Some Apple Macs have a particularly terrible flaw that lets hackers sneak in and remain undetected, a security researcher has found.
It means a hacker could — from far away — force a Mac into a coma. Personal, corporate or government Macs could be spied on in a way that even the best security checks wouldn’t discover — until it’s way too late.
“This is scary,” said Sarah Edwards, a forensic analyst at the SANS Institute who specializes in reviewing computers for evidence of hacks. “I would never see this. There could be funky stuff going on in the computer system, and I would never know why.”
What makes this one so bad? It’s a computer bug that runs especially deep in the machine.
All computers have some kind of basic input/output system (BIOS), the core program that brings a machine to life. It’s the kind of thing you should never tamper with. And it should obviously remain heavily guarded.
But Macs purchased one year ago or before, apparently, leave a door open.
When a Mac goes into sleep mode and wakes back up, it allows direct access to the BIOS. It’s a weird quirk that lets someone tamper with the code there. That’s what was discovered recently by Pedro Vilaça, a curious independent computer security researcher in Portugal.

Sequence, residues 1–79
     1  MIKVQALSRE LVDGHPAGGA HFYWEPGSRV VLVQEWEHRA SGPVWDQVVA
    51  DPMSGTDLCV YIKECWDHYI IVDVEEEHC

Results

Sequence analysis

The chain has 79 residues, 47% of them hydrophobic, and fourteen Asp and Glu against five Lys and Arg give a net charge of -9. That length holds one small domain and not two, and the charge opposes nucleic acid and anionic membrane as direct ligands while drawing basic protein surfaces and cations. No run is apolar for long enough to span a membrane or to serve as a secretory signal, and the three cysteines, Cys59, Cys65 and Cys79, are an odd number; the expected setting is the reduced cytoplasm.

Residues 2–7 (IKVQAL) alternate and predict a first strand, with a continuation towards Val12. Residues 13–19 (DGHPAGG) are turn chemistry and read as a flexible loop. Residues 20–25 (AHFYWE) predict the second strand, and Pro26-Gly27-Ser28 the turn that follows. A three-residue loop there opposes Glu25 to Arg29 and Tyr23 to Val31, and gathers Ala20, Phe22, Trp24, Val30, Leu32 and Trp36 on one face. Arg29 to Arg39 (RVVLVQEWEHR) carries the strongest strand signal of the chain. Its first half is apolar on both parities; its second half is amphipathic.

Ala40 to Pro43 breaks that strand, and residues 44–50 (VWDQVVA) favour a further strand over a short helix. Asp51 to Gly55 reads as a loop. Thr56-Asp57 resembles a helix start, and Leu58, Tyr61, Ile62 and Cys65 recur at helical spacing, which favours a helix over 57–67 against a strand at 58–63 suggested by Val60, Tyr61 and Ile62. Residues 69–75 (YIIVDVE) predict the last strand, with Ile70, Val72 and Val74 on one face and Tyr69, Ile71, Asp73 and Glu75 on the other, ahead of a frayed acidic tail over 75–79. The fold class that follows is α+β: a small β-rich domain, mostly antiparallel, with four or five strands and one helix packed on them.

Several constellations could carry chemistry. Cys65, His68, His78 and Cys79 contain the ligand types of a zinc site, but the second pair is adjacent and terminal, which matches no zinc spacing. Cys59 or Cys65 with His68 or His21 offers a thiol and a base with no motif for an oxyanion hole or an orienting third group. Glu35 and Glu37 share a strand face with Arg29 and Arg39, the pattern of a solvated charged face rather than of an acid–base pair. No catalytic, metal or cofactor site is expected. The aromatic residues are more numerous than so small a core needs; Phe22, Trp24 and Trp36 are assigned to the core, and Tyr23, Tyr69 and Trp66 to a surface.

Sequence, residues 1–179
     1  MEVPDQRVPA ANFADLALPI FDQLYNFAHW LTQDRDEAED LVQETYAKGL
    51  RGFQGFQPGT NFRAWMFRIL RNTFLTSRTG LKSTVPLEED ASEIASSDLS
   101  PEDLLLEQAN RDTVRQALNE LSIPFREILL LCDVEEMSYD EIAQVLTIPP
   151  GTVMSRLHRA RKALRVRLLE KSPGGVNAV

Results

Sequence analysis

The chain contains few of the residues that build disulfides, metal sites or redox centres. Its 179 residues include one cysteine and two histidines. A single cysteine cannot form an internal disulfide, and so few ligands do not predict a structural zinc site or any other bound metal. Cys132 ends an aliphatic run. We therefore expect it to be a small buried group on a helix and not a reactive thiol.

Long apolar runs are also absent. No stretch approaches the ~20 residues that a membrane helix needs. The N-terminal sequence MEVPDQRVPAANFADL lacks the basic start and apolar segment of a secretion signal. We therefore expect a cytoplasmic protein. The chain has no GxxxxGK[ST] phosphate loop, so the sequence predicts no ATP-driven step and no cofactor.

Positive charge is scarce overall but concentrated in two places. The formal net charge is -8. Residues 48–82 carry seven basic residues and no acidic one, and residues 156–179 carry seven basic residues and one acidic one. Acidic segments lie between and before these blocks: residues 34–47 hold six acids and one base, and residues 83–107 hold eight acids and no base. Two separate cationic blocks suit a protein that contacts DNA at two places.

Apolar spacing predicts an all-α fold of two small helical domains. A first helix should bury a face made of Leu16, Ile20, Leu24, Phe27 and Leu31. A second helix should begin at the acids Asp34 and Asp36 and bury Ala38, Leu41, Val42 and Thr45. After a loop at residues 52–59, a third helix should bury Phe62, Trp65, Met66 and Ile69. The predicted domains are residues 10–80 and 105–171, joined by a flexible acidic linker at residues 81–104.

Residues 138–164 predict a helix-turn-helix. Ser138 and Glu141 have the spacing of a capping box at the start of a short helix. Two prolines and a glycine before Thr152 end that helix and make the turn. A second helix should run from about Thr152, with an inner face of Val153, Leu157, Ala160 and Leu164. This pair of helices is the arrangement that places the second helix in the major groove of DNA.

He revealed this vulnerability publicly in a blog post last Friday. He told CNNMoney he alerted Apple directly soon thereafter.
Apple did not respond to questions about this flaw — nor would it say when it plans to release an update to fix it.
Several cybersecurity experts confirmed to CNNMoney that this is a real problem, and they plan to research further in the next few weeks.
This isn’t an easy hack. An attacker first needs administrative access to a machine. But what this means is that if a Mac gets hacked with a low-level computer virus, it can bury so deep you’ll never find it.
That’s the real problem here. It gives hackers more time to plot a massive bank heist or a huge corporate takedown, like the Sony Pictures hack.
So, who’s in real danger? High-value targets: think company executives, bankers, politicians, the wealthy, journalists, or anyone else worth spying on for a long period of time.
The average Mac user doesn’t have to worry about this one, because they’re actually susceptible to cheaper, easier hacks — that are easier to spot and fix. So says Katie Moussouris, an executive at HackerOne, which helps companies fix dangerous computer bugs.
Tod Beardsley, a security research manager at cybersecurity firm Rapid7, stressed that most Mac users aren’t likely to get hacked because of this bug. He said the flaw is “certainly surprising … but the bar of difficulty is pretty high.”
This is the second major flaw in Apple devices discovered in the last week. Recently, people discovered that you can crash someone’s iPhone simply by sending it a text message.
Vilaça decided not to name this bug. But every major computer flaw nowadays deserves a name. Given that it involves a poisonous kiss that wakes a sleeping Mac, Moussouris suggests this one: Prince Harming.